2004 Durango New Car Test Drive
The Durango has been around for a mere five years, but it seems so long. The SUV world has moved so fast. In those short five years the Durango has gone from innovative to dated by its competition. But it has established enduring strengths and character; it's truly rugged and sporty, with distinctive styling that reflects those values.
Now comes the 2004 Dodge Durango, a total rewrite of the Durango book. It's seven inches longer, and the wheelbase, width and height have all grown by three inches, bringing it to a size between the Chevy Tahoe and Ford Expedition. Its skin has been completely restyled, and there are two new engines: a 3.7-liter V6 and a 5.7-liter Hemi V8, in addition to the popular 4.7-liter V8.
The new Durango offers excellent ride and handling, without that unrefined, rough round the edges feel that characterized the previous-generation model. Both the 4.7-liter and 5.7-liter V8s are superb, smooth and powerful. They come with a five-speed automatic that's smooth, refined, smart and responsive. Inside, it's quiet, roomy, comfortable and technologically sophisticated. These descriptions would not have fit last year's model.
The all-new Durango is both more and less of a truck than it was before. More because it's stronger; and less because it simply feels less like a truck than the former Durango, despite its size.
There are three models of Durango: ST, SLT or Limited. All models come with either 2WD or 4WD.
The base ST lists for $26,565 with 2WD and $29,350 with 4WD including destination, a great value considering the content. It's thousands lower than the MSRP of the '03 Durango, which was heavily rebated. For the first time, a V6 is available. The new single-overhead-cam engine displaces 3.7 liters, makes 210 horsepower with 235 pound-feet of torque, and gets 16/21 mpg. The V6 uses a four-speed automatic transmission and can pull a 3700-pound trailer. Standard features on the ST include four-wheel disc brakes with electronic brake distribution, 17-inch steel wheels with on/off-road tires, a single-disc CD player, cloth interior with a 40/20/40 split rear seat, remote keyless entry and a 27-gallon fuel tank. Options include the SOHC 4.7-liter V8 engine that makes 230/290 horsepower and torque, a bigger alternator and battery, traction control, halogen headlamps, heavy-duty shocks and springs, a two-speed transfer case (low and high gears for 4WD), side curtain airbags and a sunroof.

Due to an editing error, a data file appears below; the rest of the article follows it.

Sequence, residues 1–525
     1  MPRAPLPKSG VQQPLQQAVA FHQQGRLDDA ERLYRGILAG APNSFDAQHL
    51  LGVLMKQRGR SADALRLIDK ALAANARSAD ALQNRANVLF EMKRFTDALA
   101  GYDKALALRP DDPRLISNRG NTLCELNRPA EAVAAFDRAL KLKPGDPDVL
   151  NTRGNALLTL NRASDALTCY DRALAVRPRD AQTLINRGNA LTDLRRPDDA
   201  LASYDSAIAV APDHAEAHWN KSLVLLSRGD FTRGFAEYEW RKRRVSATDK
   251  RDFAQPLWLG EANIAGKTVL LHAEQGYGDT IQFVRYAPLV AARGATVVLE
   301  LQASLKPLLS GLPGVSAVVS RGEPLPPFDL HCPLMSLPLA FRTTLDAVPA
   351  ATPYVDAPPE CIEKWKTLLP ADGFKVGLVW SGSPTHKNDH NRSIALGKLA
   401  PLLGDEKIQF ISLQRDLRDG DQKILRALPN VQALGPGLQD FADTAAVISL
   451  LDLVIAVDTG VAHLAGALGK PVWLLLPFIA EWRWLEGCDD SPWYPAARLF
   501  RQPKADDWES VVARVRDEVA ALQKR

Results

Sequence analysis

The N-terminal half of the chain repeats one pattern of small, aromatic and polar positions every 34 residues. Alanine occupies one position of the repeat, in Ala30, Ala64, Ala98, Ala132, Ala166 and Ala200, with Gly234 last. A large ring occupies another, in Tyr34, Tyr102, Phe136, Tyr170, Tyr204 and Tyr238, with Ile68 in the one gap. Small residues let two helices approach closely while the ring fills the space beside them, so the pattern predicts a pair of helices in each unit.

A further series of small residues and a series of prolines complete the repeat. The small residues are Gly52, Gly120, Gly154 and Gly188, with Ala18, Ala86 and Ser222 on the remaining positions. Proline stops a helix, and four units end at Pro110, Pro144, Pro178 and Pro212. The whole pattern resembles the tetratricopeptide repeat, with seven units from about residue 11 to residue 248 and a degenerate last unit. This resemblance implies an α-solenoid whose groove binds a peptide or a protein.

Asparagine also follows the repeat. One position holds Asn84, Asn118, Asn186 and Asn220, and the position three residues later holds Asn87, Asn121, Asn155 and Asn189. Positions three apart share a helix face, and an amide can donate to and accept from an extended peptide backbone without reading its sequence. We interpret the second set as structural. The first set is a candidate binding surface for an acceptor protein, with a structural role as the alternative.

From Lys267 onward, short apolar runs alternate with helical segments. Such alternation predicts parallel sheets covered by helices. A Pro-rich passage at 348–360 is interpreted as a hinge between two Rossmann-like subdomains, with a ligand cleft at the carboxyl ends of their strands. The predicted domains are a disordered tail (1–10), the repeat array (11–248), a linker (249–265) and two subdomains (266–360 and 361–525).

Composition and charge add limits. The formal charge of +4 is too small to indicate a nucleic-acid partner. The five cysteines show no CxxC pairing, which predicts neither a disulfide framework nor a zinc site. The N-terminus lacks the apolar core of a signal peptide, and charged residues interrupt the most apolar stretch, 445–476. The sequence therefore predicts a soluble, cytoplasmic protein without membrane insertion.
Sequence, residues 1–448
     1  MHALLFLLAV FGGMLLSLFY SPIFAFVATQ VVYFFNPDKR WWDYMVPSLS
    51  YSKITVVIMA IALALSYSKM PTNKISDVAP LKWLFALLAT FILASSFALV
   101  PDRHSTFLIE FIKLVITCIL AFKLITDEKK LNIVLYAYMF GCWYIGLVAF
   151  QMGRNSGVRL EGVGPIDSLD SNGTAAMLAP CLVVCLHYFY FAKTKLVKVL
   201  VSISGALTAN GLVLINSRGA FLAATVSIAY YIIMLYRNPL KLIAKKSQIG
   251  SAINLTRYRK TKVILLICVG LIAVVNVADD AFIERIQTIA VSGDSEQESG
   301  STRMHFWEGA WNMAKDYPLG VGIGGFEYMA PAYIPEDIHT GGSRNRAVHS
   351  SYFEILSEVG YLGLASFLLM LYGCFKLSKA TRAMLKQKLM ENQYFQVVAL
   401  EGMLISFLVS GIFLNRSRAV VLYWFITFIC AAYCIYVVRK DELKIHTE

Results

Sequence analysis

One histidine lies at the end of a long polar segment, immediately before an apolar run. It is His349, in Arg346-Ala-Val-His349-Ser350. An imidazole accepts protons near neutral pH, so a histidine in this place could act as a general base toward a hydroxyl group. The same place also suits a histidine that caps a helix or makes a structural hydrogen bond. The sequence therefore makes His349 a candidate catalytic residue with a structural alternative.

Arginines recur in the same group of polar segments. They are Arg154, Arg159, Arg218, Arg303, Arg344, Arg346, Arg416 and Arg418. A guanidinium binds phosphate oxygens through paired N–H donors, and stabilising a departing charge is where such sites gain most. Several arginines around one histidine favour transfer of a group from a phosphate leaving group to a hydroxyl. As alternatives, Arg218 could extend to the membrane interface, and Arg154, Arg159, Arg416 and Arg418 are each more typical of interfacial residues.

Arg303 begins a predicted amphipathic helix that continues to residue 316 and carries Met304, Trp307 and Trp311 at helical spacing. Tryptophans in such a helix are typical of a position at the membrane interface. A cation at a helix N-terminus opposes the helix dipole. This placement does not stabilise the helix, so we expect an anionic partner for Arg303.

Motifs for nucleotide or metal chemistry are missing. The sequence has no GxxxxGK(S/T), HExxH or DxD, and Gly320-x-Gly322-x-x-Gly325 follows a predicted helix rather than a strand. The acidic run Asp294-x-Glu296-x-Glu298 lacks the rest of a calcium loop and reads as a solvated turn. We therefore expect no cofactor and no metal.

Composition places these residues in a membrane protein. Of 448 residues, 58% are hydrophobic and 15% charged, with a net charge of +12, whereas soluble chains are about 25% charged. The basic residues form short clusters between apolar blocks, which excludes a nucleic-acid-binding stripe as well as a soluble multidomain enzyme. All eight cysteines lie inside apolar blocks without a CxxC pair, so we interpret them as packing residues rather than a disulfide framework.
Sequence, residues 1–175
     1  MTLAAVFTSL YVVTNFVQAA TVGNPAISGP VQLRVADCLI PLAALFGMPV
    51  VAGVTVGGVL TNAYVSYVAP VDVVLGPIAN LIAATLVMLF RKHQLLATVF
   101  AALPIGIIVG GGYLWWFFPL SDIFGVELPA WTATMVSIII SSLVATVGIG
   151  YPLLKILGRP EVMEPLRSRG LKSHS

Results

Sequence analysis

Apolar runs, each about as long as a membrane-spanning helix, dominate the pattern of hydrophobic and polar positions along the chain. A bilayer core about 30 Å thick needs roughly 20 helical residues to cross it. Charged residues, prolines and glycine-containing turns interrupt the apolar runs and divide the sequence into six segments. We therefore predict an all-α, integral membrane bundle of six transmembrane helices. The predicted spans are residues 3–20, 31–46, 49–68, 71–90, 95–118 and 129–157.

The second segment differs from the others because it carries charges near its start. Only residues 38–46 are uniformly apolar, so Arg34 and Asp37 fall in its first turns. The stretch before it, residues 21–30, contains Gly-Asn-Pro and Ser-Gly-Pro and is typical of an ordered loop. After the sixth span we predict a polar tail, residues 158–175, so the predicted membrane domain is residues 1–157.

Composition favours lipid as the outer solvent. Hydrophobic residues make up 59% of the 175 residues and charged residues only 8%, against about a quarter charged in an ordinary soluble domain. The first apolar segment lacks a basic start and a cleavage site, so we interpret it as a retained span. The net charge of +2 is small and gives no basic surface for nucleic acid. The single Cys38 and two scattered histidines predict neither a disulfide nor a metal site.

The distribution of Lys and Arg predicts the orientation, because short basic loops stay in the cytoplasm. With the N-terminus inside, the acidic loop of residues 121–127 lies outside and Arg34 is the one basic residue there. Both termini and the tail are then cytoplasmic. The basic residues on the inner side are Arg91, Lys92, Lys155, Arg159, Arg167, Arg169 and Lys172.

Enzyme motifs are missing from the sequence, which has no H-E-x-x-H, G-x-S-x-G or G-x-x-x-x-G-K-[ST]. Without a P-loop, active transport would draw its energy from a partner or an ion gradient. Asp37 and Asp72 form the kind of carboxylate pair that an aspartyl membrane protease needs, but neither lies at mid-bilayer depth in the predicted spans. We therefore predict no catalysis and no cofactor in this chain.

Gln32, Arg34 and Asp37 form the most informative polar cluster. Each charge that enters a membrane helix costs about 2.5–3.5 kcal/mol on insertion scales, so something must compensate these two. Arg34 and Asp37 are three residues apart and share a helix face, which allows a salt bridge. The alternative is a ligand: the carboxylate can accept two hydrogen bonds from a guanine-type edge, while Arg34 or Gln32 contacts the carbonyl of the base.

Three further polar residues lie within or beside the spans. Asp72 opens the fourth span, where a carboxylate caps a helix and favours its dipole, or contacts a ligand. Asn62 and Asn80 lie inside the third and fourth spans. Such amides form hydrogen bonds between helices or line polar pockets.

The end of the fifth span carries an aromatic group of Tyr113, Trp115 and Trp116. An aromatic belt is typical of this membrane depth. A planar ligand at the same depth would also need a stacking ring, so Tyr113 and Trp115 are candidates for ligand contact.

The SLT is distinguished by the third-row seat, a 50/50 fold-flat bench. The SLT can be had with the V6 and 2WD, but the standard engine is the 4.7-liter V8. Optional is the 335-horsepower 5.7-liter Hemi V8 for $895. The engine is new for Durango but has one year under its crank in 2003 Dodge Ram trucks. Both V8 engines use an extremely smooth five-speed automatic transmission.
A 4x4 SLT, the best-selling Durango model, runs $31,590 including destination, a highly competitive price considering all the new engineering (which we'll get to). Standard equipment includes body-colored moldings and fascia, power driver's seat, interior wood trim, rear AC, foglamps and roof rails. Options include leather, heated seats, satellite radio, a hands-free phone system and a DVD entertainment system with wireless headphones.
At $34,900, the Limited throws in the luxury: leather seats, a 384-watt, eight-speaker MP3 sound system with six-disc CD, aluminum wheels, folding power heated mirrors, and a memory system for just about everything you can think of to set, including adjustable pedals. The only thing the driver needs to remember is how to work the memory system.
Unfortunately, neither electronic stability control nor side door airbags are available.